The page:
Objective: To study primary HIV-1 infections (PHI) using molecular and epidemiological approaches in order to assess correlates of transmission in this population.
Methods: Individuals with PHI were recruited prospectively from a discrete cohort of 1235 individuals under follow-up in a well-defined geographical area between 1999 and 2003. PHI was diagnosed by one of the following: negative HIV antibody test within 18 months, evolving antibody response, or application of the serological testing algorithm for recent HIV seroconversion. The pol gene was sequenced to identify genotypic resistance and facilitate molecular epidemiological analysis. Clinical data were collected and linked in an irretrievable fashion when informed consent was obtained.
Results: A total of 103 individuals with PHI diagnosed between 1999 and 2003 were included in the study; 99 (96%) were male and 90 (91%) were men who have sex with men. Viruses from 35 out of 103 (34%) appeared within 15 phylogenetically related clusters. Significant associations with clustering were: young age, high CD4 cell count, number of sexual contacts, and unprotected anal intercourse (UAI) in the 3 months before diagnosis (P < 0.05 for all). High rates of acute sexually transmitted infections (STI) were observed in both groups with a trend towards higher rates in those individuals with viruses within a cluster (42.9 versus 27.9%; P = 0.13).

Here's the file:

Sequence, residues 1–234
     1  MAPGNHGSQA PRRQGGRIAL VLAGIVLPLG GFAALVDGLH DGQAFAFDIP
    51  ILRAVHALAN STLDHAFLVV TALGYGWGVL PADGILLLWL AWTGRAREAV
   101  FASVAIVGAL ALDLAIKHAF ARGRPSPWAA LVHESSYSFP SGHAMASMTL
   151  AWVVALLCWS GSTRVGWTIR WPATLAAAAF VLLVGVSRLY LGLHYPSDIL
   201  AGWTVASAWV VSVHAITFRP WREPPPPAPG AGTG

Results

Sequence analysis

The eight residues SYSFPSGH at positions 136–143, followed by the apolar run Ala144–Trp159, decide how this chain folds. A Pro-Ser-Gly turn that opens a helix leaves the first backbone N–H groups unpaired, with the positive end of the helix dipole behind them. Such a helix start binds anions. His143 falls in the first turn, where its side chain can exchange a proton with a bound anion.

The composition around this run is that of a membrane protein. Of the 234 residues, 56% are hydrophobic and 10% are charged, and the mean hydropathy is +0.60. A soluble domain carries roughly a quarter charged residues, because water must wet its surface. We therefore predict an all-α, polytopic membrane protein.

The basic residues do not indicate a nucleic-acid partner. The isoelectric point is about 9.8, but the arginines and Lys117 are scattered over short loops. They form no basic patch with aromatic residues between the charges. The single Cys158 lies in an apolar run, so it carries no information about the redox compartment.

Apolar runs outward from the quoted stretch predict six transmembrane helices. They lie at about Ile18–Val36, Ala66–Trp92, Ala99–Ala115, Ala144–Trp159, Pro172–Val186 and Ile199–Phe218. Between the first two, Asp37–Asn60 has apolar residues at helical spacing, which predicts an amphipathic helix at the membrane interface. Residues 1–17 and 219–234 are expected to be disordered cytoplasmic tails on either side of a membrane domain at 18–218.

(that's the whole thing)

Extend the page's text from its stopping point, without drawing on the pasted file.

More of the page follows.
Conclusion: High rates of partner change, UAI and STI are factors that facilitate onward transmission during PHI. More active identification of individuals during PHI, the management of STI and highly active antiretroviral therapy may all be useful methods to break transmission networks.
aDepartment of GU Medicine, Brighton and Sussex University Hospitals, Brighton, UK
bCentre of Virology, Division of Infection and Immunity
cDepartment of Primary Care and Population Sciences, Royal Free and University College Medical School, University College London, London, UK
dHPA Antiviral Susceptibility Reference Unit, University of Birmingham Medical School, and Birmingham HPA, Heartlands Hospital, Birmingham, UK
eCentre for Infections, Health Protection Agency, Colindale, UK
Received 22 June, 2004
Revised 20 September, 2004
Accepted 7 October, 2004
Correspondence to Deenan Pillay, Centre of Virology, Division of Infection and Immunity, Royal Free and University College Medical School, Windeyer Institute, 46 Cleveland Street, London W1P 6DF, UK. E-mail: email@example.com